Sometimes Being a Successful Band Means Not Breaking Up

Val Loper (Bear Hands) celebrates ten years of not imploding.

My band should’ve broken up by now. Lord knows we’ve had a million chances. The fistfight in Cincinnati, Ohio. The weeklong van breakdown in Wyoming. The fistfight on the Mass Pike. The time Dylan walked off stage in London. The time we got booed off the stage in Boston. The strangling incident in Philly. Shit, we almost broke up over a $5 payout for sandwiches after a show once. But somehow, miraculously, I’m writing to you just weeks away from Bear Hands’ ten-year anniversary.

I’ve never done anything for ten years. My longest relationship was eight and the longest I worked the same job was seven. My previous band lasted for six. Being in a band is like working a full-time job you barely get paid for with three girlfriends you don’t have sex with. It’s not supposed to work. Yet, somehow, here we are. Are we “successful”? Not in a Metallica sort of way — but through years of compromise, teamwork and embracing the absurdity of it all, we’ve created our own definition of success.

Years ago, we adopted the band mantra: “Just don’t break up.” It started off as tongue-in-cheek after seeing so many peers derail prematurely, but it’s proven to be soberingly poignant in some of our lowest moments. Good things can’t happen to a dead band, and I feel successful simply because we never say die.

I get why bands break up. Starting a band is easy. Keeping a band together is a battle.

Beyond trying to manage the egos, mania and delusions of other people, you have to be away from your friends and families for months on end with those same crazy people. You miss birthdays and weddings. You are forever drinking too much, eating shit and sleeping too little. Your body can start to hate you, and it can become easy to hate the people around you.

If I had a dime for every time we almost called it quits, I could probably pay a month’s worth of New York City rent. So why stick it out?

When things are really working, I feel like I am the best version of myself.

Well, we’ve been fortunate enough to continue an upward trajectory. It’s been a slow climb — and I mean really slow — but through all the conflict and bickering, things keep getting better for us. We recently released our third full-length album and can now draw a decent amount of people in most cities in America (except Houston, Texas and Milwaukee, Wisconsin — why do you hate us??) and a few places in Europe. The band is now paying my rent, and it’s allowed me to travel to a bunch of places I would’ve never otherwise been able to visit. I’ve gotten to experience the rollercoaster of signing to (and getting dropped by) a major label. I’ve played on late-night TV and have had a couple of songs on the radio. It doesn’t look bad on paper. We’ve somehow managed to cultivate a career out of perpetually chasing the insatiable fantasy of realizing childhood dreams. When things are really working, I feel like I am the best version of myself.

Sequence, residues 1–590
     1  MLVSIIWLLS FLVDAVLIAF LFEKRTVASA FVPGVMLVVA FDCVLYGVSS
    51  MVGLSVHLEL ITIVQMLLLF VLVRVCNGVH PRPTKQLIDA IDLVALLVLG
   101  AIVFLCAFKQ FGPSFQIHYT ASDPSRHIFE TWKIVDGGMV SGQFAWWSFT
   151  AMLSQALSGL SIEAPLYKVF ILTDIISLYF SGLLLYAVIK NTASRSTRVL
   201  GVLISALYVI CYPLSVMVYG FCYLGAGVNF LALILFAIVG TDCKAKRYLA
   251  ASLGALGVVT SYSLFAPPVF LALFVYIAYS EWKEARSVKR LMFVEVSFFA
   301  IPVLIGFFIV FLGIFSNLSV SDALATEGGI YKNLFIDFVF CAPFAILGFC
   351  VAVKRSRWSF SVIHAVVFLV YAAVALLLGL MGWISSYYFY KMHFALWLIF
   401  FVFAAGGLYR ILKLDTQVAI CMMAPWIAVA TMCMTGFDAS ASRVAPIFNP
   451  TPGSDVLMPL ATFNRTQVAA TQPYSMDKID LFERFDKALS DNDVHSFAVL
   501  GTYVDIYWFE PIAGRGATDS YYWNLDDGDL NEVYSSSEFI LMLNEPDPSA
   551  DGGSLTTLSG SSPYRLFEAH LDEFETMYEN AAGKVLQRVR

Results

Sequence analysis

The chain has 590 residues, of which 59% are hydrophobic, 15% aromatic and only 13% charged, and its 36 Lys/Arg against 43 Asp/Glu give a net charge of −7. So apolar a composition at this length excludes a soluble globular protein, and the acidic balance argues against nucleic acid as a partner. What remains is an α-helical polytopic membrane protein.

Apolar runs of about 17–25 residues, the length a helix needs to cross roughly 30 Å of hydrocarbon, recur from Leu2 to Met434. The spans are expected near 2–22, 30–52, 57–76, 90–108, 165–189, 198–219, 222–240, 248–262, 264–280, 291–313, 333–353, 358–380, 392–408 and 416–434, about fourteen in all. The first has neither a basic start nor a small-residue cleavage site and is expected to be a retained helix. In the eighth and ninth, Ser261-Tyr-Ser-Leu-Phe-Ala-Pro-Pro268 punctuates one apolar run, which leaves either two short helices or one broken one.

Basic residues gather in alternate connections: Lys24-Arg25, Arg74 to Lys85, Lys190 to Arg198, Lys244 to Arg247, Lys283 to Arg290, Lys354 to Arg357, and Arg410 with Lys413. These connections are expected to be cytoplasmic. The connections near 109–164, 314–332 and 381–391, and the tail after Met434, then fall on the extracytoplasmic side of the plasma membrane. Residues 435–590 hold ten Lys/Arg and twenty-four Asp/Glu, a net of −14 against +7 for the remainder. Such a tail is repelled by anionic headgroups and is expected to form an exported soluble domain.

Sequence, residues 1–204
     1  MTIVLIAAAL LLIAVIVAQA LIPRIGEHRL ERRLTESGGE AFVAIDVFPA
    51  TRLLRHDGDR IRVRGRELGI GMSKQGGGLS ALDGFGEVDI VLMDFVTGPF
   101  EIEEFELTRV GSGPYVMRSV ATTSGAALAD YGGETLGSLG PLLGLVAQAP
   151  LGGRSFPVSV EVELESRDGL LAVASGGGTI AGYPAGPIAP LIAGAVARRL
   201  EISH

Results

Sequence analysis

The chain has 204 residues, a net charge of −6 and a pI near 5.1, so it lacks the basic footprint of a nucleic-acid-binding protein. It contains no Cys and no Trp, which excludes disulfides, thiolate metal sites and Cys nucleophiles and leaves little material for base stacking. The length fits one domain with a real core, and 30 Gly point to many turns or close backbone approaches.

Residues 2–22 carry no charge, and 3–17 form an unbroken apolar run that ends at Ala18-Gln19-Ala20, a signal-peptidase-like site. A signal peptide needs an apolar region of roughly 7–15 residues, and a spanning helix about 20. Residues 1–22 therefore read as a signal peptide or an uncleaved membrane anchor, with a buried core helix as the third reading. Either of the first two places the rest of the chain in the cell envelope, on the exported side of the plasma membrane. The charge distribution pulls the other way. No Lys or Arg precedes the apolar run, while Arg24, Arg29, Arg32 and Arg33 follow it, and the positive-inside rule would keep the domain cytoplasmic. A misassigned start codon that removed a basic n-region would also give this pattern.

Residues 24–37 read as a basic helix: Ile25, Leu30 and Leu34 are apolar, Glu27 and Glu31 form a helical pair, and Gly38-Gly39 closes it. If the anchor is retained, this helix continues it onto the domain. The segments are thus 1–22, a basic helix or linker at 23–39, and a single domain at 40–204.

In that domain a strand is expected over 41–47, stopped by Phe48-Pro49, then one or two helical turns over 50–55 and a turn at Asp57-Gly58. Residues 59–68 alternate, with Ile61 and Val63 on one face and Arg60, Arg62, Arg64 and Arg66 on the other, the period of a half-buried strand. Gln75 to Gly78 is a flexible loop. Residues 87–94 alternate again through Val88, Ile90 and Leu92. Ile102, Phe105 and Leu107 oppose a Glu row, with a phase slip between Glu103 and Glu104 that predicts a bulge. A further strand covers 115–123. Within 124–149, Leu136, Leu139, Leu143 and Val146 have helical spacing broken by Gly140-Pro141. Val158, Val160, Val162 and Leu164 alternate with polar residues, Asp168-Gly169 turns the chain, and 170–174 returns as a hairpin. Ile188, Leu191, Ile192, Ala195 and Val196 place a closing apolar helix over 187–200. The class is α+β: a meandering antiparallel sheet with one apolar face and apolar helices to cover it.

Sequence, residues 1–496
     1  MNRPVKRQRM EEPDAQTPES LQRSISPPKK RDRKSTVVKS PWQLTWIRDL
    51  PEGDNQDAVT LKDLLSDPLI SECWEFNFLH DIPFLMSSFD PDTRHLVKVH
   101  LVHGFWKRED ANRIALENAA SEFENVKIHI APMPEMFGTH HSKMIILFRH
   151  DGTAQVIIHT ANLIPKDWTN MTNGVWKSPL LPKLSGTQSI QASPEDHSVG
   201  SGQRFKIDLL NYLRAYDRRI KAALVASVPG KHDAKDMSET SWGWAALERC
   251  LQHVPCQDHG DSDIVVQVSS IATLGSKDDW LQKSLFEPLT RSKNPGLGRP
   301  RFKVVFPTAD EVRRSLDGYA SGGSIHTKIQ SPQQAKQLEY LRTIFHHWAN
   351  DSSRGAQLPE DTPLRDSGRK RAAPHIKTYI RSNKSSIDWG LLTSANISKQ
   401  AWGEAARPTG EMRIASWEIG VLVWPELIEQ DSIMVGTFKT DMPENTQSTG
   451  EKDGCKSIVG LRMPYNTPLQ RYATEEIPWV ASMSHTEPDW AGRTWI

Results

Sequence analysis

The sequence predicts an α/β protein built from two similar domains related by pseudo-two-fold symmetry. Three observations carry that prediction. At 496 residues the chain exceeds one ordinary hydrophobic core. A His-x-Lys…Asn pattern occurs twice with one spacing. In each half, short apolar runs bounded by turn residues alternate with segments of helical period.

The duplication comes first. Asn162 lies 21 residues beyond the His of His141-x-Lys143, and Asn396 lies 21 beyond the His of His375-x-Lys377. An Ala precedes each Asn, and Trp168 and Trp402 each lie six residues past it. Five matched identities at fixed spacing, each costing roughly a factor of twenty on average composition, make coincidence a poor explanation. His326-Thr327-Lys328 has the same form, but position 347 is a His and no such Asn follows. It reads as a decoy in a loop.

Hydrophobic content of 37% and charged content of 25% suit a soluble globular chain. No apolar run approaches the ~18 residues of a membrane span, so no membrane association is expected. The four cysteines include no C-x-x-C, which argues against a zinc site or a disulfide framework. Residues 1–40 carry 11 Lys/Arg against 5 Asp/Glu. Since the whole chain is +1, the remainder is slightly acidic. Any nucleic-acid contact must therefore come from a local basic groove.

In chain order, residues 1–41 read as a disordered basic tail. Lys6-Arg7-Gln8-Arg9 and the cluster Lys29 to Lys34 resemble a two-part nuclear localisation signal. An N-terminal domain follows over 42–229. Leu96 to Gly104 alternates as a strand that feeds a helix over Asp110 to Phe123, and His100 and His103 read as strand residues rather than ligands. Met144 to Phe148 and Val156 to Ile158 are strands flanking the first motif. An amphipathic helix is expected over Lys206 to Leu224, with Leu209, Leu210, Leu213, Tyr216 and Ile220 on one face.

We are four very different people, but we try to keep egos and tempers grounded by adhering to a democratic voting system, which usually works. We’ve managed to streamline logistical nuisances by assigning specific duties to our strengths. Ted and I handle social media, TJ is in charge of buying and maintaining gear, and Dylan takes care of the van. These days we’re pretty efficient at keeping things together.

At our lowest point — breaking down completely broke in rural, awful Rawlins, Wyoming, in 2012 — we had to vote on whether or not to junk our van and rent a U-Haul to drive back to Brooklyn. I was in the midst of a bad breakup and voted to go home. We had a heated argument for an hour in an empty dirt parking lot and I got out-voted. After waiting five excruciating days — and missing four shows — the part we needed finally arrived. The van fired up and we booked it to L.A., making it just in time for our show at the El Rey. Looking back, I’m glad the majority ruled against me, because we ended up finishing the tour and bonded deeper for toughing it out together.

Over the years we’ve gotten good at saying sorry.

It may seem counterintuitive considering rock & roll’s reputation for reckless debauchery, but a lot of our days are spent sober in a practice room, practicing and planning, or running errands. We have a management company, and, yes, they help us out, but most of the day-to-day drudgery still falls on our shoulders. It’s nice to know that if you need new keys made for the practice space because Dylan lost them (’cause he always loses them) or you need to pick up merch in the rain in Greenpoint, Brooklyn, and carry it to Bushwick or re-park the van under the BQE at 7 a.m. so we don’t get a ticket, someone, albeit begrudgingly, will always handle it.